Linked by Thom Holwerda on Fri 13th Sep 2013 23:56 UTC
PDAs, Cellphones, Wireless

A team within Nokia had Android up and running on the company's Lumia handsets well before Microsoft and Nokia began negotiating Microsoft’s $7.2 billion acquisition of Nokia's mobile phone and services business, according to two people briefed on the effort who declined to be identified because the project was confidential. Microsoft executives were aware of the existence of the project, these people said.

Another person said the idea of Nokia using Android wasn't a part of Microsoft’s discussions with the company about an acquisition, even though that was widely recognized as a possibility.

Windows Phone never fit into Nokia's DNA. It's too closed, too external, too controlled; Nokia had little influence over its own destiny with Windows Phone. It's not surprising that many of the brightest minds in the company left in the wake of the Windows Phone announcement (such as the team now at Jolla).

Nokia should have gone Android.

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RE: Android is NOT magic!
by _cynic_ on Sat 14th Sep 2013 13:26 UTC in reply to "Android is NOT magic!"
Member since:

Nokia has one of the lowest ASP(average sales price) for smartphones, WAY bellow market average, WAY below Android. Why? Unsold Lumias and the 520.
And in reality it's even worse than it appears, due to MS quarterly gifts

Stop spreading lies. Lumias are one of the cheapest unsold smartphones on the market.

Reply Parent Score: 2

RE[2]: Android is NOT magic!
by _cynic_ on Sat 14th Sep 2013 13:31 in reply to "RE: Android is NOT magic!"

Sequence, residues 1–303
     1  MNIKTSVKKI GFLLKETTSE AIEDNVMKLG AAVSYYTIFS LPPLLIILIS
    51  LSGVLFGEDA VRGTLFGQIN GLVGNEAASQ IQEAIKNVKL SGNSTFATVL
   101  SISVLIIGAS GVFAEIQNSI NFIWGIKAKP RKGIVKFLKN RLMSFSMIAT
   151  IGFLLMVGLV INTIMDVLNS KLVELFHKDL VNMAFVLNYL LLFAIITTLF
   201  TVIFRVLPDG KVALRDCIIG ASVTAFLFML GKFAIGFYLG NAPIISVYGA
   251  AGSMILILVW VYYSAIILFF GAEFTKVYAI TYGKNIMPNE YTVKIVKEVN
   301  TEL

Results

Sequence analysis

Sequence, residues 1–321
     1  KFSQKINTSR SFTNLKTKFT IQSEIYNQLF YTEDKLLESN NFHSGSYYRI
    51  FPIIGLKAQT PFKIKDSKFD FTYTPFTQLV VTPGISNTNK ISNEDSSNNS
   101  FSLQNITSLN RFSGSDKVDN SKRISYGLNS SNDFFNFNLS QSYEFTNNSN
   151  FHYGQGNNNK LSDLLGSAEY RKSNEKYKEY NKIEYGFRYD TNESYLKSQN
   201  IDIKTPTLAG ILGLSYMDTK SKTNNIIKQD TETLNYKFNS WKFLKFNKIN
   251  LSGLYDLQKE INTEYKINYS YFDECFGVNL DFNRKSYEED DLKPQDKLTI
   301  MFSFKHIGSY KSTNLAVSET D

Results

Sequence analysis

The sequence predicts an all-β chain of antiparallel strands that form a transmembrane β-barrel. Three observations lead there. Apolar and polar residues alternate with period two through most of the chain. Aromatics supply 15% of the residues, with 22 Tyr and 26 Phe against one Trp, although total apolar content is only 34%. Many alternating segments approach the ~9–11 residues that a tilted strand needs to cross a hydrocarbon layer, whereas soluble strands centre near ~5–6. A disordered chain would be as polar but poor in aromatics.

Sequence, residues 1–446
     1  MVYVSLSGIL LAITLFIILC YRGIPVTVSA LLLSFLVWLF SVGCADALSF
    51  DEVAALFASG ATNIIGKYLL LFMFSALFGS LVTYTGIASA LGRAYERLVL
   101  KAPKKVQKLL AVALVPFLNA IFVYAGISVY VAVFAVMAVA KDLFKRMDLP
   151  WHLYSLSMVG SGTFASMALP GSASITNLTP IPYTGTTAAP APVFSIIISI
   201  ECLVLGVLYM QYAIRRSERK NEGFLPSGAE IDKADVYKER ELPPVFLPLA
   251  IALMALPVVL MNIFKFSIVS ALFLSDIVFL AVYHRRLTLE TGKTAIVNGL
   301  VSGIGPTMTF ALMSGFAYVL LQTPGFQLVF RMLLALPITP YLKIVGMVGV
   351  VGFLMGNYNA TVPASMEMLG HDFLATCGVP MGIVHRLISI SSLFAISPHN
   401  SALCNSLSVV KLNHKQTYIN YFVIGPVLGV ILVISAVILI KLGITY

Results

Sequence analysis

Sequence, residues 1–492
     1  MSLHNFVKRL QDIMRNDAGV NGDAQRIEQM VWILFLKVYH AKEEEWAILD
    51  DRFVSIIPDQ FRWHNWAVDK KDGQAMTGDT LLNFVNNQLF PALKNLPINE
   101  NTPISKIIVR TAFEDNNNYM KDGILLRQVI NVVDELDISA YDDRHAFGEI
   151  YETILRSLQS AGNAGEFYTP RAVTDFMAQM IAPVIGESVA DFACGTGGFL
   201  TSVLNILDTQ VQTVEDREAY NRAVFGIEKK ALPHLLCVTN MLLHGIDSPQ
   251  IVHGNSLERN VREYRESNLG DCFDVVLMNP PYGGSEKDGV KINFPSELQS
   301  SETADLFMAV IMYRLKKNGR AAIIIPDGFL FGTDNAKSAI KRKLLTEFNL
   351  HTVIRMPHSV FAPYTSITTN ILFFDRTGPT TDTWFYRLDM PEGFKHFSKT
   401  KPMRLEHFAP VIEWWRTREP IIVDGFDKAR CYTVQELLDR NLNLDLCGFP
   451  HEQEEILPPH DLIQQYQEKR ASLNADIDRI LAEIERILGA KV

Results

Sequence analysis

_cynic_ Member since:

WP and Android are not magic. They compete in the same market for the same customers.

People talk about WP as if it was a market apart.

Reply Parent Score: 2

Thom_Holwerda Member since:

Yes, that's what Apple bloggers do with iOS too; they segment the market arbitrarily to make it look better. E.g., Apple bloggers will often only focus on the US, ignoring the fact that iOS isn't doing well anywhere else. WP advocates tend to do the same thing.

If you need to arbitrarily exclude important markets to look good, you're not doing good.

Reply Parent Score: 4

RE[2]: Android is NOT magic!
by bassbeast on Sun 15th Sep 2013 08:29 in reply to "RE: Android is NOT magic!"
bassbeast Member since:

And compare that to Android where even the prepaid phone companies are giving away Android phones and how is Nokia supposed to compete with that?

In my area the Straighttalk prepaid is becoming crazy popular and You can have a Galaxy Precedent or a Huawei Ascend Y for...drumroll...$0. That's right, nothing, just buy a phone card and they'll hand you an Android phone. The best price I've seen for the Lumia? $99 and that was for a 2 year contract, my friend's wife looked at them and went for a Motorola Droid, why? $0.99 with 2 year contract. again how is Nokia supposed to compete with that? And let me just leave this here, the #2 OEM is reporting yet another quarter of losses, if they couldn't compete with Samsung, what chance had Nokia?

Reply Parent Score: 4

RE[3]: Android is NOT magic!
by Jbso on Sun 15th Sep 2013 15:59 in reply to "RE[2]: Android is NOT magic!"
Jbso Member since:

HTC be second in the US and get a lot of attention in the US, but it is not #2 globally. LG is listed as number 2 for Android here:

Possibly other sources have slightly different estimates, but I'm fairly certain no one thinks HTC is number 2 worldwide. Also, I think Motorola is #3 Android vendor in the US, so that should tell you how relevant US-only numbers are.

LG is reporting a profit on their mobile business:

Sony does too:

I know a lot people think if a company doesn't make as much money as Samsung, they should shut down their mobile business, but that is the wrong perspective. Making billions in profit per quarter is quite rare and an unrealistic goal for most companies. If

Reply Parent Score: 4